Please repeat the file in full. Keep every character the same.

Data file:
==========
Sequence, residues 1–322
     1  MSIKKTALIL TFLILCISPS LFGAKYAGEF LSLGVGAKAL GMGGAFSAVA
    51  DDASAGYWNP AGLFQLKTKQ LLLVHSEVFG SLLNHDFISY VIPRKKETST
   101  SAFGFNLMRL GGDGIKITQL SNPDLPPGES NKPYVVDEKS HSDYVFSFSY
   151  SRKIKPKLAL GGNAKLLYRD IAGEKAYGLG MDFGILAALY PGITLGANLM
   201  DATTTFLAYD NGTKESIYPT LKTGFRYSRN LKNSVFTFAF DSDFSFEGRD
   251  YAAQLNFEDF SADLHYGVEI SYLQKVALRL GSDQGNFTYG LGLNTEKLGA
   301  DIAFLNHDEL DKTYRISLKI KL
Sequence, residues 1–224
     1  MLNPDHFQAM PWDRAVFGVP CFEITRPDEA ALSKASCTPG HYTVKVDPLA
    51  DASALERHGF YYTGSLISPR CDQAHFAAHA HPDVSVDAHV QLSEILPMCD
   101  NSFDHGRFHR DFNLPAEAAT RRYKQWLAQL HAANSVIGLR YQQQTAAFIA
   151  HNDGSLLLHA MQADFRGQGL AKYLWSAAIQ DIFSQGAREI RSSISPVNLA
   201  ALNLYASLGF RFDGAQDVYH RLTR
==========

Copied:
Sequence, residues 1–322
     1  MSIKKTALIL TFLILCISPS LFGAKYAGEF LSLGVGAKAL GMGGAFSAVA
    51  DDASAGYWNP AGLFQLKTKQ LLLVHSEVFG SLLNHDFISY VIPRKKETST
   101  SAFGFNLMRL GGDGIKITQL SNPDLPPGES NKPYVVDEKS HSDYVFSFSY
   151  SRKIKPKLAL GGNAKLLYRD IAGEKAYGLG MDFGILAALY PGITLGANLM
   201  DATTTFLAYD NGTKESIYPT LKTGFRYSRN LKNSVFTFAF DSDFSFEGRD
   251  YAAQLNFEDF SADLHYGVEI SYLQKVALRL GSDQGNFTYG LGLNTEKLGA
   301  DIAFLNHDEL DKTYRISLKI KL
Sequence, residues 1–224
     1  MLNPDHFQAM PWDRAVFGVP CFEITRPDEA ALSKASCTPG HYTVKVDPLA
    51  DASALERHGF YYTGSLISPR CDQAHFAAHA HPDVSVDAHV QLSEILPMCD
   101  NSFDHGRFHR DFNLPAEAAT RRYKQWLAQL HAANSVIGLR YQQQTAAFIA
   151  HNDGSLLLHA MQADFRGQGL AKYLWSAAIQ DIFSQGAREI RSSISPVNLA
   201  ALNLYASLGF RFDGAQDVYH RLTR